13 October 2008

Platinum Gets Dented in the Auto Industry's Pileup

platinum prices going down, making it great to buy platinum wedding jewelrySlumping Car Demand Crimps Need for Catalytic Converters, a Big User of Metal, but Possible Drop in Mining Output May Buoy Prices,

At Friday's lows, spot-month futures on the New York Mercantile Exchange were down 38% on the year and 59% from the record set in March as the global economic slowdown pinches industrial use.

Platinum could fall further on weakness in the auto sector, but then stabilize or rise modestly as investment liquidation runs its course and due to potential for output cuts as the price approaches the cost of mining, analysts said. This makes it a great time to buy platinum wedding bands.

The impetus for the early year peak was worries about tight supplies exacerbated when South Africa state-owned utility Eskom Holdings Ltd. announced electrical shortages that curtailed mining output.

"Supply was being outpaced by demand," said Bart Melek, global commodity strategist with BMO Capital Markets. "We had a massive rally way above the marginal cost of production."

Since then, the auto industry has slumped. This hurt platinum demand because its main industrial use is for catalytic converters.

Nearby October platinum Friday fell $22.60, or 2.3%, to settle at $957 a troy ounce. Most-active January lost $20.80, or 2.1%, to $965.80.

James Moore, an analyst with TheBullionDesk.com, said platinum's recent move is cyclical, reflecting changed fundamentals. Moreover, he said, the fundamentals perhaps were "overexaggerated" as prices soared at the start of the year. But he doesn't look for the recent slide to continue much longer because a "delicate balance" remains in the market.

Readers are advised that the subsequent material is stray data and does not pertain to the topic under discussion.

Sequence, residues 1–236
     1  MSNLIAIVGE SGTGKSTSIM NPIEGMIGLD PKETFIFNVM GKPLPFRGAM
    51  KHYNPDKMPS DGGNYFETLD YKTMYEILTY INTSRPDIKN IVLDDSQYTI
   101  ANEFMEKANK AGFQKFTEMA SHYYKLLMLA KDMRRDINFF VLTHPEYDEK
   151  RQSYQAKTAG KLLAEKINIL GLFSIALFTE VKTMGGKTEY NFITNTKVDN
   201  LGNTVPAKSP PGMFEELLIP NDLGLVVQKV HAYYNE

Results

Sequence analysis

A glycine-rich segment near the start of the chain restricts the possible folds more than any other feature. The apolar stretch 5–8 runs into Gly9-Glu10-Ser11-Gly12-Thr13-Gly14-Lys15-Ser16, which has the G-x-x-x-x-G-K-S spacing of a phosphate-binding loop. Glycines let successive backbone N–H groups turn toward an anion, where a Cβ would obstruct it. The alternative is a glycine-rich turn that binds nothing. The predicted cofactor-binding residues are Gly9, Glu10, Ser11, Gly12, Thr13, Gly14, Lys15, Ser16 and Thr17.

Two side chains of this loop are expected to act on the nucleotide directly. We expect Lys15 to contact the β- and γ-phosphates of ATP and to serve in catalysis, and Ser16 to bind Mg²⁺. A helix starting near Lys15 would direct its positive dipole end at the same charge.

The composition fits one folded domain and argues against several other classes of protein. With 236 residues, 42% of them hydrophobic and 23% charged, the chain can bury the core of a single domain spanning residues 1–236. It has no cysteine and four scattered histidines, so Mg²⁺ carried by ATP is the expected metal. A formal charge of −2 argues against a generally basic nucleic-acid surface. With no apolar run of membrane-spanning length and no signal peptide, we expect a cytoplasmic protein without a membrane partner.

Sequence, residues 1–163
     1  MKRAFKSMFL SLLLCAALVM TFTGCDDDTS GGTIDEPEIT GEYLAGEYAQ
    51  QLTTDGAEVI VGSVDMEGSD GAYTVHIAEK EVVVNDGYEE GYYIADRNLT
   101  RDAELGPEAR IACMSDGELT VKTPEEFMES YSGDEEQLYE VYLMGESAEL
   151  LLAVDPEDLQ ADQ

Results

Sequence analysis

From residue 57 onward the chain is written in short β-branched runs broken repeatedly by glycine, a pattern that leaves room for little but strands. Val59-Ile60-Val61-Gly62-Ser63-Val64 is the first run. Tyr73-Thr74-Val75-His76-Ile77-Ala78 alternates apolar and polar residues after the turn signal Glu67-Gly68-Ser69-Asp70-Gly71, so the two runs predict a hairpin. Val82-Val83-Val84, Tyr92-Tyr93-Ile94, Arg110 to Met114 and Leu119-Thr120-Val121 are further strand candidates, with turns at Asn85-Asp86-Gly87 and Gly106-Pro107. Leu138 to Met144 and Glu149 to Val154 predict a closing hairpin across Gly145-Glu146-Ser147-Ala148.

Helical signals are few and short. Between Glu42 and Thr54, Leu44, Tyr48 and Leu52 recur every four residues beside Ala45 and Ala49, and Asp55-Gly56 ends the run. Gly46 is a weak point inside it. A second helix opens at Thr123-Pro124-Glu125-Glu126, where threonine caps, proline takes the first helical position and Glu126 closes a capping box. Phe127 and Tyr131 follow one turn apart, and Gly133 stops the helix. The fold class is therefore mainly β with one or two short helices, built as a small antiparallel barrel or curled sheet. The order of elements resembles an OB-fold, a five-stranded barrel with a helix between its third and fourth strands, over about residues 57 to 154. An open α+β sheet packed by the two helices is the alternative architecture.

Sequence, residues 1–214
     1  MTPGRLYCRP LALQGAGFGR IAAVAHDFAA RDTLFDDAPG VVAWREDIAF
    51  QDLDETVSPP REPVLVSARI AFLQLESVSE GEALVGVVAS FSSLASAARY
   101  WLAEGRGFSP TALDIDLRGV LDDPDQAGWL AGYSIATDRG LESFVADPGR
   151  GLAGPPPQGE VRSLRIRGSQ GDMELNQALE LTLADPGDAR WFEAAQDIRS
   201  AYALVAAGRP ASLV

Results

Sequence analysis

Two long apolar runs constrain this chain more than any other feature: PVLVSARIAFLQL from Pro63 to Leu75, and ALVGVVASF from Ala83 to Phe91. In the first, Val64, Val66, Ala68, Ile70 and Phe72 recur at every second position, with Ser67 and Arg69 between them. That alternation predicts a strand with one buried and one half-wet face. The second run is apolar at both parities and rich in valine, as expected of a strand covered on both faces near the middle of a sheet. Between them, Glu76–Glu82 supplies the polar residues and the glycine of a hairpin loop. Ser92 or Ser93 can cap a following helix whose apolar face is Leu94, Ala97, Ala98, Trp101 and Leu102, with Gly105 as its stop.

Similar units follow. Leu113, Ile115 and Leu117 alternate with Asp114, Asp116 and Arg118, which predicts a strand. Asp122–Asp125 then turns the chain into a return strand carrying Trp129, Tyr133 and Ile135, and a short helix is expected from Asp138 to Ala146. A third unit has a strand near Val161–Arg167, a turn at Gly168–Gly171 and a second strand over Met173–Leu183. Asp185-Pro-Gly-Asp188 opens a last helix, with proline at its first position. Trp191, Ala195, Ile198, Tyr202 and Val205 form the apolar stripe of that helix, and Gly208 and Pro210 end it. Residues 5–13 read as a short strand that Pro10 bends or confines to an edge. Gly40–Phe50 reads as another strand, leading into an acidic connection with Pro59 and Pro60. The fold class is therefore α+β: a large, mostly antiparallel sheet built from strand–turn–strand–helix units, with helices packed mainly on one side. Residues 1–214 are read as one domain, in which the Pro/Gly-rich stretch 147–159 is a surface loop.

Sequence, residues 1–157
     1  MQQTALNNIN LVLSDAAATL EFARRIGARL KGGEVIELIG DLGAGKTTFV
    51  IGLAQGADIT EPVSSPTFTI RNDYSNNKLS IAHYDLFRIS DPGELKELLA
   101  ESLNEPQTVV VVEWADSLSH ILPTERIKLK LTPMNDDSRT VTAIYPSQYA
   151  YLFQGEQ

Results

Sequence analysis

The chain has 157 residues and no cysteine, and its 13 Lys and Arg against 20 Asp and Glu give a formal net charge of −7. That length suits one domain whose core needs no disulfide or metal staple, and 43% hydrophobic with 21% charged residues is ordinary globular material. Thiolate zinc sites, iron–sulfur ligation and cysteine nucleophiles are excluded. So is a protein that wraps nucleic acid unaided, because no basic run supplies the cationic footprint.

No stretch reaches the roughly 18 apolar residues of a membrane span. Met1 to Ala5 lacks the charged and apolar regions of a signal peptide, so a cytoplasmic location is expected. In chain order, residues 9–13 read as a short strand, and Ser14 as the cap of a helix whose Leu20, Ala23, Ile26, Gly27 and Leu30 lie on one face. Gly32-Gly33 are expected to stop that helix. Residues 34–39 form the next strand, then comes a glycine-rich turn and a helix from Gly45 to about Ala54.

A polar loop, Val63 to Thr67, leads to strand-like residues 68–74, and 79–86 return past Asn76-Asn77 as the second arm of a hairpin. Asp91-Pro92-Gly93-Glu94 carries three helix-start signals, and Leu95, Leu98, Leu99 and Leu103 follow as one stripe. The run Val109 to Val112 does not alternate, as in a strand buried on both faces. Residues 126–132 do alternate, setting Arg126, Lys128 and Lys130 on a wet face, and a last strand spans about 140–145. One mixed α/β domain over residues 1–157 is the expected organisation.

"Eskom has already said they can't increase their energy capacity for at least another five years," Mr. Moore said. "The producers are struggling against rising costs and having to excavate metal from much deeper ore bodies. This has a massive impact on their bottom line."

If profitability suffers, downward price corrections such as the current one could prompt producers to shut down some of their operations, he said.

"In my view, it would be naive to think that the market is going to continue lower," Mr. Moore said. "We may see some further downside initially, but then look for it to possibly stabilize around $1,000 to $1,300 for the latter part of the year and heading toward next year."

BMO's Mr. Melek estimated that the cash costs of production for platinum-mining operations are between $700 and $1,000 an ounce.

"They might still go lower," he said of platinum prices on things like platinum wedding rings. "But they ultimately will have to rebound because we're hitting the marginal cost of production for many producers."

CPM Group analyst Carlos Sanchez also said there could be more selling pressure, but prices may soon stabilize.

Not only has platinum been hurt by concerns about reduced motor-vehicle production, but expectations are for a shift toward smaller vehicles at a time of high fuel prices. Smaller engines require less platinum group metals for auto catalysts, Mr. Sanchez said. Meanwhile, no further supply disruptions have occurred in South Africa lately, he said.

But at the same time, he said, many investors already may have sold some positions.

"You may go to $900," Mr. Sanchez said. "But they're already low compared to what they have been the last couple of years. So you may not have further selling."

In other commodity markets:

SUGAR: Prices dropped to a four-month low on ICE Futures U.S. as speculators exited from bullish positions, but the market pared losses before a vote by the House of Representatives approving the $700 billion financial-rescue package. ICE March world sugar fell 0.47 cent, or 3.6%, to 12.61 cents a pound.

CRUDE OIL: Futures zigzagged before ending slightly lower as traders mulled whether the passage of the rescue bill would stabilize demand. Demand concerns were reinforced after the Labor Department reported that nonfarm payrolls fell more than expected in September, the steepest decline since March 2003. Light, sweet crude fell nine cents, or 0.1%, to $93.88 a barrel, on the New York Mercantile Exchange.

By: Allen Sykora
Wall Street Journal; October 5, 2008